Will Byrnes's Reviews > Terrorist

Terrorist by John Updike
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Oct 04, 08

bookshelves: terrorism, religion-and-sprituality
Read in February, 2007

** spoiler alert ** Will he or won’t he? In this post-9/11 coming of age tale, Ahmad Mulloy-Ashmawy is a high school senior convinced that the culture in which he lives is completely unclean. Child of an Irish-American mother and a long-gone Egyptian father, he identifies with his Arabic side. By his own choice he began Islamic studies at age 11. Under the tutelage of a fundamentalist imam, he has dedicated his life to Islam, scorning the temptations of the flesh. Or is it a mask for his own insecurities? While expounding on the closeness he feels to Allah, questions still creep in. He experiences the desires that we all do.

Jake is a 60ish guidance counselor at Ahmad’s school. He sees that Ahmad has intellectual capacity and encourages him to consider college, but the imam has convinced Ahmad to take up truck-driving instead, placing him with a Lebanese run furniture company. Ahmad is befriended there by Charlie, who both challenges Ahmad’s asceticism and encourages its excesses. He even goes so far as to hire for Ahmad Joryleen Grant, a girl Ahmad had been friends with at school. Charlie leads Ahmad into a dangerous plot.

Subsidiary characters include the homeland security secretary, his assistant, her sister, who happens to be Jack’s wife, and Ahmad’s mother, a part-time artist who has never been able to make permanent any of her many relationships.

What do you believe in? What is worth dying for? Is that all there is? Updike’s world is a grimy one, very real-seeming, a dark place in which the innocent, or near-innocent are led into harms way by the unscrupulous, a world in which no bright future awaits, a world that is rank with hypocrisy. Ahmad is a contemporary Holden Caulfield unprepared to accept the world as it is and repulsed by its omnipresent dark sides. Will he mature fast enough to head off his own destruction?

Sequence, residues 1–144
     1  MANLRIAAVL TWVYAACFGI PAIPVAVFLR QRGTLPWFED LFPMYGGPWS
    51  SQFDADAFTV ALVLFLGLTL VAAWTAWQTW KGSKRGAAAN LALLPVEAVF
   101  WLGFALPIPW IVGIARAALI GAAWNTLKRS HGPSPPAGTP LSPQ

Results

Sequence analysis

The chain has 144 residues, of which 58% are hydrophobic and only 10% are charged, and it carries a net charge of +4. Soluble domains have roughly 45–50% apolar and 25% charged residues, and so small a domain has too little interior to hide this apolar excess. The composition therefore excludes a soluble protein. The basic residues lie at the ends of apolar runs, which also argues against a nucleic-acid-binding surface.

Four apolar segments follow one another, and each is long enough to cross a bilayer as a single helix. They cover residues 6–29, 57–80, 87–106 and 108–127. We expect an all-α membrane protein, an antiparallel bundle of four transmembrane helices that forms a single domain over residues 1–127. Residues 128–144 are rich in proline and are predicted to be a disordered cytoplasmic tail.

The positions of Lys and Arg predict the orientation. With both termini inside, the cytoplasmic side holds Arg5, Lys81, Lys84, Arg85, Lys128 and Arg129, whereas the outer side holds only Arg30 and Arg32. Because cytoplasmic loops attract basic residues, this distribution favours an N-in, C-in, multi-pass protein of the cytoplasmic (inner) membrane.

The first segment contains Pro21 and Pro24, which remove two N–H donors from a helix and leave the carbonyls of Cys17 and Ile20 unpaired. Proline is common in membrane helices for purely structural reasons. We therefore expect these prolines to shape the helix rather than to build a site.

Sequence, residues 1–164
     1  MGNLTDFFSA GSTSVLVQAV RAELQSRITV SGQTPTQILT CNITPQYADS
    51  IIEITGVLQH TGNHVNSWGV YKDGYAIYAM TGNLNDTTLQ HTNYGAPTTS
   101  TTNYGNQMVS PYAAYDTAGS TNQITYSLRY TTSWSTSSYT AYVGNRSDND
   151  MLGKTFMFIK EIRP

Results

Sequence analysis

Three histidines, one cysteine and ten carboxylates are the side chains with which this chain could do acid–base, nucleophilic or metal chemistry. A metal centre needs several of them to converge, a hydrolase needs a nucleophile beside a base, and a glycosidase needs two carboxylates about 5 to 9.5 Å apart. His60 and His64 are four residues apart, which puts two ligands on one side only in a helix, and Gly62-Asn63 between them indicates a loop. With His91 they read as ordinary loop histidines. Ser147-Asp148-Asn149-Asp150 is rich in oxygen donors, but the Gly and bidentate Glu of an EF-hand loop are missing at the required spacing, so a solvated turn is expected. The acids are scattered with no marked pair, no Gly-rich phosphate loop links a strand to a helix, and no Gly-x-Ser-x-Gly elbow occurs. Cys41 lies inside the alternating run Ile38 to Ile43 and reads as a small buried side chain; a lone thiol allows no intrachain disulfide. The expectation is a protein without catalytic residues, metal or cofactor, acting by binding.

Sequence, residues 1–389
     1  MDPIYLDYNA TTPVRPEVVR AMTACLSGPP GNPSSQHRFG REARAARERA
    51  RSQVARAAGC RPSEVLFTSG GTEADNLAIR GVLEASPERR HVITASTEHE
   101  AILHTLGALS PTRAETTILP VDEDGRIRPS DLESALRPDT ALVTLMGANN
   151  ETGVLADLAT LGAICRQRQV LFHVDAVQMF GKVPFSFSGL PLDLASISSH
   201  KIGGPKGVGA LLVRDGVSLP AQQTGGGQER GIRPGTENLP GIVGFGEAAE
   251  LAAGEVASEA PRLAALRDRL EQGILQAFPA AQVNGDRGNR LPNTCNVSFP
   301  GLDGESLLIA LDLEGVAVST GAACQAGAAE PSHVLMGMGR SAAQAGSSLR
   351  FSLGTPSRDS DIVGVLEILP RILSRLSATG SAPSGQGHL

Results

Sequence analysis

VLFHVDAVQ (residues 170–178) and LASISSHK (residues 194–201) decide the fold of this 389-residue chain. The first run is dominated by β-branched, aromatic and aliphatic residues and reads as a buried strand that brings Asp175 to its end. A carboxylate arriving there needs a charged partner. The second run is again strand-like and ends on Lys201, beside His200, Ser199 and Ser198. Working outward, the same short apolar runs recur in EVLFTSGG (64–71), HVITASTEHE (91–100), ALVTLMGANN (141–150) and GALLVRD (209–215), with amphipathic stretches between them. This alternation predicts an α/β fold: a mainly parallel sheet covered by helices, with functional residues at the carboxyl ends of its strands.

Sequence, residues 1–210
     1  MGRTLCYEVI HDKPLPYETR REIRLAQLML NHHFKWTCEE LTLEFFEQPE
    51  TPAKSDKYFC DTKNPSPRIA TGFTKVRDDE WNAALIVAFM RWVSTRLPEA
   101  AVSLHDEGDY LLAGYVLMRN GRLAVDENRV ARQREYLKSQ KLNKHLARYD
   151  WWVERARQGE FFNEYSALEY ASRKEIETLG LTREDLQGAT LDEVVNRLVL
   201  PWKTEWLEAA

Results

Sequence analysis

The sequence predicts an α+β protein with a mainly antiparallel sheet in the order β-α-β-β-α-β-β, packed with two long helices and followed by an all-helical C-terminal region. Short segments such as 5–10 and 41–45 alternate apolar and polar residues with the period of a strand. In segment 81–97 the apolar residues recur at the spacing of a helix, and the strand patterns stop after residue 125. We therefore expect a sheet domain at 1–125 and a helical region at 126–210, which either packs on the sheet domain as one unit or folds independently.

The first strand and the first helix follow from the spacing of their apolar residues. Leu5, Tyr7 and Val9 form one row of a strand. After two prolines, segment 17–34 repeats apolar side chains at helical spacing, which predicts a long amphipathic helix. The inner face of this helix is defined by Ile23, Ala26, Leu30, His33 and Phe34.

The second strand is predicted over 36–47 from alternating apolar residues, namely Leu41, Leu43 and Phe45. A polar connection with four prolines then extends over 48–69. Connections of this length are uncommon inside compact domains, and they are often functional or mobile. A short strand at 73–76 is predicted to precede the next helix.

Fatherhood also plays a significant role here. Ahmad’s father abandoned him when he was three. He sought a replacement in Shaikh Rashid, with Mom’s ok, and now Jack seeks to offer him parental-type guidance.

Updike captures the rage of the outsider here. It is easy to see how one could view today’s world as corrupt and less than holy, and from there how large a step is it to want to see that society harmed? Add in the anti-rational forces of religion and adolescence and the result is potent and dangerous. The final scene is a nail-biter. Will he or won’t he?

There are other issues not addressed here, and that informs how Updike views the east-west conflict. The focus is almost entirely on the unclean nature of western culture, with only passing mention being made of US actions in the world. Osama did not do his thing because we are pigs. He did it because we occupied Saudi Arabia, and blindly support anything Israel wants. Thus Updike, with this choice of focus, defines the conflict as being values based and having nothing to do with actions. In the absence of significant attacks on his person or religion spelled out in the story it is unclear how Ahmad could shift from a reasonable anger to a homicidal rage.

Is Ahmad better off for having something to believe in than Jack who was raised an atheist? Charlie’s religion appears to be the American Dream. Is Joryleen allowing herself to be used by the thuggish Tylenol more or less manipulated than Ahmad is by the Shaikh? Can the Homeland Security head really be such a bumpkin? One would never suspect that our government is staging a full-court press against the constitution.
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